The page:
Carolina … Continue reading
On the surface, it can seem like an anomaly that someone like Baby Dee could come out of Cleveland, Ohio. At a glance, Cleveland looks like a blue-collar town that’s lagging ten or twenty years behind the times. People in Cleveland still think the Michael Stanely Band is a big deal (Dear Clevelanders – No one outside of northeastern Ohio has heard of the Michael Stanley Band. I know. I’ve asked). But when you dig into Cleveland, pushing aside the curtain of low self-esteem that the city has blanketed itself with, you find that it’s a complex, layered place. In this regard, it makes complete sense that a town like this could produce a performer like the singular Baby Dee.
When I first learned of Baby Dee, she seemed like a slightly eccentric but mostly unassuming musician, but when I began to dig, I discovered that she has been a member of the Coney Island Sideshow, has been a tree climber and has worked companionably alongside such artists as David Tibet and Current93, Will Oldham, Andrew WK and Marc Almond. This is just … Continue reading
This is a good example of why I try to avoid saying “Artist X sounds like Artist Z” – aside from the fact that I have found many of those sorts of comparisons can project the wrong idea into a reader’s mind depending upon their relationship with Artist Z’s work – I would have to use three or four different artists to describe the sound of Cleveland duo mr. Gnome. Just within one song. Moving from gauzy dreamscapes to razor-sharp nightmares, sometimes within seconds of each other, mr. Gnome is the sort of band whose willingness to experiment with sound and whose ability to pull it off with confidence makes me proud to be a fellow Clevelander.
A couple of things you should know before listening to mr. Gnome: Nicole Barille will crush your head with her guitar. And if she can’t finish the job, Sam Meister will be right in to beat the pulp to liquid. But then they’ll sing a pretty lullaby and smile down at you just before you pass out.
Yes, Barille’s voice can sound childlike and pixieish (something … Continue reading
Okay, here’s what you do: Go download Hell and Half of Georgia’s self-titled album, play it through once, then set it aside and go do something else.
Now, come back and listen again.
The first thing you’ll notice is that you’ve gotten adjusted to the raggedness of Sean Fahlen’s voice and can now hear the sweet center of it. The second thing you’ll notice is that the band’s simple and friendly melodies have already lodged themselves in your brain. These are the best kind of country songs, made of heart and backed by solid musicianship. These songs feel like they belong inside a barn that has been cleared for a dance or at an old gas station during a rest stop on a long roadtrip through the dusty Southwest. When you listen to these songs, you feel like you’re listening to good friends play. And you can practically feel the sun of the band’s homestate of California shining down on your skin (which is very helpful as I sit next to a Cleveland window through which I can see several inches of Ohio … Continue reading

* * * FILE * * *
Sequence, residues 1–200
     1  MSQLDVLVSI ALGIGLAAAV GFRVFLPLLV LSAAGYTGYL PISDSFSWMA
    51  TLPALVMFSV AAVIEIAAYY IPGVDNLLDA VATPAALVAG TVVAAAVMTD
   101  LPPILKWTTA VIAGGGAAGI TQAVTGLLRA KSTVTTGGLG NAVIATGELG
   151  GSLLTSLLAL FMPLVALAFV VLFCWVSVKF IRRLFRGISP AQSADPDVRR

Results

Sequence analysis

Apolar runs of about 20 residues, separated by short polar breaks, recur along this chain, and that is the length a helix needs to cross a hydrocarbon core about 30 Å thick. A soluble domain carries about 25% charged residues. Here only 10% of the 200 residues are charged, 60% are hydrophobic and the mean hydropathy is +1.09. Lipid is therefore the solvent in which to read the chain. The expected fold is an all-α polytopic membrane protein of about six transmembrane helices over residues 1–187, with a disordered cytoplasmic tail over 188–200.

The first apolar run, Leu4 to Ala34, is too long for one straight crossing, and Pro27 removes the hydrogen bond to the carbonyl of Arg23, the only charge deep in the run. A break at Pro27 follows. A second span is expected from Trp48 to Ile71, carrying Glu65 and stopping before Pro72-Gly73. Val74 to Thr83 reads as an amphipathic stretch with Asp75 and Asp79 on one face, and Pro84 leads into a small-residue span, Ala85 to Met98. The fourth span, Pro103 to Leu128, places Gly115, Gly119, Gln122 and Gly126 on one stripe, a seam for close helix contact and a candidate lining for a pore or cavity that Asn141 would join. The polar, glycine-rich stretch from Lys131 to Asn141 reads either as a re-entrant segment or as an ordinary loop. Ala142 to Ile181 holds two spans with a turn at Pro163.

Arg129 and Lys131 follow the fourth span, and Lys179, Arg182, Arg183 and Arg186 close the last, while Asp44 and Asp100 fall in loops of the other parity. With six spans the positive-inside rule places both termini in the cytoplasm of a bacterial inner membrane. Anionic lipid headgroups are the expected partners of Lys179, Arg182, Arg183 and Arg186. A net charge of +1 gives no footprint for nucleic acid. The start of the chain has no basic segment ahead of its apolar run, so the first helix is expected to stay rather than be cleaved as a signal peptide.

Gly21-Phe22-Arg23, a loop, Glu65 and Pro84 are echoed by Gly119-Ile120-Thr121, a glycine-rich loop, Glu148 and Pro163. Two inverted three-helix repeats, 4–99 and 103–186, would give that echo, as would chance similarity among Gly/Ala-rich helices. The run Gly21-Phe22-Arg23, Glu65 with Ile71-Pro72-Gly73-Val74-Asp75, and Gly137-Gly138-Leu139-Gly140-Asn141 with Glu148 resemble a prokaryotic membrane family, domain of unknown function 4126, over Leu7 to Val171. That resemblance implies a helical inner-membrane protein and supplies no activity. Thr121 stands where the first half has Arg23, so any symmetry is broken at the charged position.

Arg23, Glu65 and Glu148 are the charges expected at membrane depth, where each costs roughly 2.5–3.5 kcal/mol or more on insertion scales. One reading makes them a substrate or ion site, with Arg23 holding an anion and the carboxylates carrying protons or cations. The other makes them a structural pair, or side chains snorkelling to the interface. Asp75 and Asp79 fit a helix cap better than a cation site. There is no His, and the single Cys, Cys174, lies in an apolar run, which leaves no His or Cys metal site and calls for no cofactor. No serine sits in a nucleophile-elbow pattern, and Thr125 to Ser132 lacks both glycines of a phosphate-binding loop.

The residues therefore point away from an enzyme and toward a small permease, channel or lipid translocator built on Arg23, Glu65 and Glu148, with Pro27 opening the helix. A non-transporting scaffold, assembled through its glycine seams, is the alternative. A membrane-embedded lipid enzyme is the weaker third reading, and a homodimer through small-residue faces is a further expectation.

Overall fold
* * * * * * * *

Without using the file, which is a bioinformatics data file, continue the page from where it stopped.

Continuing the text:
I am guilty of misogyny in my listening practices. I am not the most girly of girls, and hearing twee and breathy vocals can turn me off to a song faster than mentions of pina coladas and getting caught in the rain or riding through the desert on a horse with no name. I find a great many female singers either sound alike to me or give me nothing I can connect to. This is one reason I am grateful for Erika Wennerstrom and her band the Heartless Bastards.
[Author’s note: In recent years, this line of misguided chatter has haunted me, and I feel shame whenever I think about it. I’d like to offer my apology for it. Women in music, women in general, people in general, deserve better.]
To say Erika Wennerstrom has a powerful voice is a bit like saying meteor showers are pretty. True as it is, it doesn’t get the whole idea across. By all accounts a diminutive woman, Wennerstrom can belt out vocals like she’s eight feet tall. Though her power is not just in volume, but also … Continue reading
I was about 13 years old when I visited New Orleans. I was with my parents, visiting family in Alabama and Louisiana, and I was in the throes of a Harry Connick, Jr., fixation, so it was a well-timed visit. I remember that Connick’s father, then the District Attorney of New Orleans, was on the T.V. news due to allegations of corruption. I remember the cute bellhop at the Marie Antoinette Hotel. I remember a riverboat to Chalmette. I remember walking through Jackson Square in a light rain while a group of young boys played jazz on a street corner. I remember walking a few paces behind my parents because I didn’t want them to see me crying. New Orleans was so true to my daydreams of it that it overwhelmed me.
But the best memory I have of New Orleans was visiting Preservation Hall. Even though it’s just off of Bourbon Street, the Hall seems like its own universe in the midst of the lights, tourists and infamous debauchery that punctuates (or blankets, depending on what time of the year you’re there) Bourbon Street. It’s boards are worn, and it is narrow. The benches inside are hard and uncomfortable. … Continue reading